• #197919

      Sharing additional info. Working over 25 years in an high end electronics company we have Electro-Static-Discharge training on an annual basis. ESD is the major preventablecause in electronics for infancy failure.

      Static discharge can be disastrous for any electronic equipment. This includes those shocks below human sense threshold (those you don’t feel). The worst part is that it can be cumulative. This means you can shock an item a few times and all seems well but then weeks or months later your electronics start behaving unexpectedly from not keeping settings to outright failing to work. The good thing is the manufacturers package their items to minimize this impact. But with enough of a charge, you can stillgo right through this protection.

      Taking Earl’s suggestion a step farther, have an object you can touch and discharge yourself close to your electronics,grab it and not let go until you have touched what your are working on/with. You want to do this after you have ruled out any electrical causes for your static shocks so that you are not the path to ground, yourself.

      We induce static generation all the time just by moving around.

      Things thatincrease static charge generation, outside electrical issues as mentioned above, are;

      The closer to 0% humidity the greater the ability to generate, and hold, astatic charge. Beingcold here in most parts of the northern hemisphere at this time of year,the colder the temperature the lower the humidity, the air just can’t absorb more water. The same holds true for any room that is being cooled with air conditioning since part of that process is to remove moisture in the air to help with the cooling.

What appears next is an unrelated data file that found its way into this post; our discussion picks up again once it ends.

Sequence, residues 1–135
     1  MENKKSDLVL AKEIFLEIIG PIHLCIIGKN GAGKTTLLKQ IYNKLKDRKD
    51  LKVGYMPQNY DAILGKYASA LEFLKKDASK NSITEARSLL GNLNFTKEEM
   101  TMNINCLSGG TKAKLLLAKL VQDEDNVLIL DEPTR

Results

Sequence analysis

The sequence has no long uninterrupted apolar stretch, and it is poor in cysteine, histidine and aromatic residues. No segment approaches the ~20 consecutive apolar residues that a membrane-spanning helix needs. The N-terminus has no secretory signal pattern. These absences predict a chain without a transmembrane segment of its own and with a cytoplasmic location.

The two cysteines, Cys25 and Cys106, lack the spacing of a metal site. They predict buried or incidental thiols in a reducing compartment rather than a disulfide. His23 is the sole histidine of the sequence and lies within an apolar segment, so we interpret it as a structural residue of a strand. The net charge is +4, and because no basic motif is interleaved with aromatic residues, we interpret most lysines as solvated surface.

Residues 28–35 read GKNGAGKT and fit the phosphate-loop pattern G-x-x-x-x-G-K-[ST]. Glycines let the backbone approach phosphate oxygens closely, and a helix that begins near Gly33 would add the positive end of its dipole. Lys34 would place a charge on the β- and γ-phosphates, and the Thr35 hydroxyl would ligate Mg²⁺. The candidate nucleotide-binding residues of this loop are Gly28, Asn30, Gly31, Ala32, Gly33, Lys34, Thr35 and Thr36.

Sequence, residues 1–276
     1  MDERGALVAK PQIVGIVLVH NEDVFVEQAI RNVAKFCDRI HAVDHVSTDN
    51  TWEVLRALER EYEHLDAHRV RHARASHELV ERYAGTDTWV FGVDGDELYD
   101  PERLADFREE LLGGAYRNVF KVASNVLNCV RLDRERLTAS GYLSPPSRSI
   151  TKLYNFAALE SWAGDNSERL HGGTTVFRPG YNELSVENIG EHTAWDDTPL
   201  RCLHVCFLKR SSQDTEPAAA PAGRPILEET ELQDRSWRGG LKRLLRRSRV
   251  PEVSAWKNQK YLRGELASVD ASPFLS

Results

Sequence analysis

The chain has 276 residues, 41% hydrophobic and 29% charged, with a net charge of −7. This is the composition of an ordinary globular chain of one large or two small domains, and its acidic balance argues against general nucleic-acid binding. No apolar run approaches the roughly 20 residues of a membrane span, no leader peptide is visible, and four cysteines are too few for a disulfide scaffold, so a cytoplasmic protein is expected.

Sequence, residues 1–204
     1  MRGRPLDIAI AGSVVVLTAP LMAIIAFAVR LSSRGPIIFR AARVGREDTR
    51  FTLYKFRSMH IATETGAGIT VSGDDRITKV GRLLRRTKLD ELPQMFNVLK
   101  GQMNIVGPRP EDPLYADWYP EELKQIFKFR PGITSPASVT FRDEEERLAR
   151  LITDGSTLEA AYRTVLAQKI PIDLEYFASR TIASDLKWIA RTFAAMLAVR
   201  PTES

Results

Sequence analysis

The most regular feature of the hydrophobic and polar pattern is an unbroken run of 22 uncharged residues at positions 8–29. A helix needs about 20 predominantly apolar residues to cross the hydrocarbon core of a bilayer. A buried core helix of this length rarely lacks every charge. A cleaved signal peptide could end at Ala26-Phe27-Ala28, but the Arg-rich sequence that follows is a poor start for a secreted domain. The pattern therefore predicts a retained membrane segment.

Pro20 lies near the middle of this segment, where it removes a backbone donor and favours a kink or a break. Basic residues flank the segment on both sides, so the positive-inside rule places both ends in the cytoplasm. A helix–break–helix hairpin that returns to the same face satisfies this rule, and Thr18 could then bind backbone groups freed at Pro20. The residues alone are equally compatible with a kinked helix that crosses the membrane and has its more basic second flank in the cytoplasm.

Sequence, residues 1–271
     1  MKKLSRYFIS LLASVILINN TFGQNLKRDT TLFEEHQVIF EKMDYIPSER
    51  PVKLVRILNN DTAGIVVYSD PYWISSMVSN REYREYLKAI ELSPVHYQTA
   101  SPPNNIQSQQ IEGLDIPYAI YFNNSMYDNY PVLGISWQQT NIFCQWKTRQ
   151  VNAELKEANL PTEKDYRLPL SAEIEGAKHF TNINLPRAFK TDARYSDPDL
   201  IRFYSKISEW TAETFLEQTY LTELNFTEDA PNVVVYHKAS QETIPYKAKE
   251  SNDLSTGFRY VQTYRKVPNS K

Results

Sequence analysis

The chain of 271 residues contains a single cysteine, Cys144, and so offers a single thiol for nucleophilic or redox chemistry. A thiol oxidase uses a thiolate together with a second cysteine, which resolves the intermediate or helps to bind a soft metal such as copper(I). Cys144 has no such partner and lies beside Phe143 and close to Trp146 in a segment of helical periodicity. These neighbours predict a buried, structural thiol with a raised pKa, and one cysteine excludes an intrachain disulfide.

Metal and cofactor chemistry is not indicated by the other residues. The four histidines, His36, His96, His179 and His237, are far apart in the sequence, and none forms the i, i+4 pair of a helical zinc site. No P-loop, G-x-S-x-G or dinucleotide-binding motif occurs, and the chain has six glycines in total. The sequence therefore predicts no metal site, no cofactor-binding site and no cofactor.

Wearing synthetics and wools. These generate static charge by you simply moving in them. Cotton is your friend. You still generate static charge but at a much lower level.Using fabric softer that reduces static clingalso helps.

      Wearing rubber or synthetic soled shoes, the natural act ofwalking makes these great generators of static. Wearing leather soled shoes and cotton socks will greatly reduce static generation.

      These are just a few areas to be aware of if you should find yourself getting zapped by your equipment.

    • #197920

      Great suggestions and advice guys – I’d got used to touching walls to ground myself in my studio and I need to keep doing that in hotels too.

      Cotton is king as far as I’m concerned, but I just noticed my ‘leather’ shoes have rubber soles! I guess I could slip them off and stay in my cotton socks (and hope the client doesn’t notice 🙂

      >>Taking Earl’s suggestion a step farther, have an object you can touch and discharge yourself close to your electronics,grab it and not let go until you have touched what your are working on/with.<<

      What sort of object – does it have to be metal? metal that is grounded? Wallpapered walls of the kind you find in hotel ballrooms?

      Also I have to use AC power onsite unfortunately since many events I coverlast all day. Tripod with metal spikes exposed does make sense but would that help if the tripod is on synthetic carpeting? What about using anti-static mats under the tripod? anyone used those?

    • #197921

      Here’s a thought – would wearing an insulated glove (like a surgeon’s latex glove or a rubber glove) help insulate the static on our bodies from the objects we touch? While it might look a bit wierd, at least my equipment would be protected?

    • #197922

      The best course of action is to find out the causes of your static or electrical charge and make the changes to reduce or eliminate them first. Your initial comments make it appear this was the first time you had observed this issue so you would want to check out all your electrical first. Something like this should be in your kit if you are using host supplied power. Tester.Place this at the end of your extension cord. Or justleave this in your power strip as a continuous monitor as well.

      After you have confirmed it’s not an electrical issue, move on to reducing the environmental issues. I have seen people mix a small amount of the static reducing fabric softener with water (2 tablespoons per cup of water) and use in a small pump spray bottle. They lightly spray the carpet around the area they are working in (or just a light mist of water alone). Caution here as itwill attract dirt over time.

      Running a grounding cord from a known electrical ground, like you suggested, and have the end accessible so you can touch it before you touch your equipment will help. If you are still getting shocked you need to look over your equipment more thoroughly.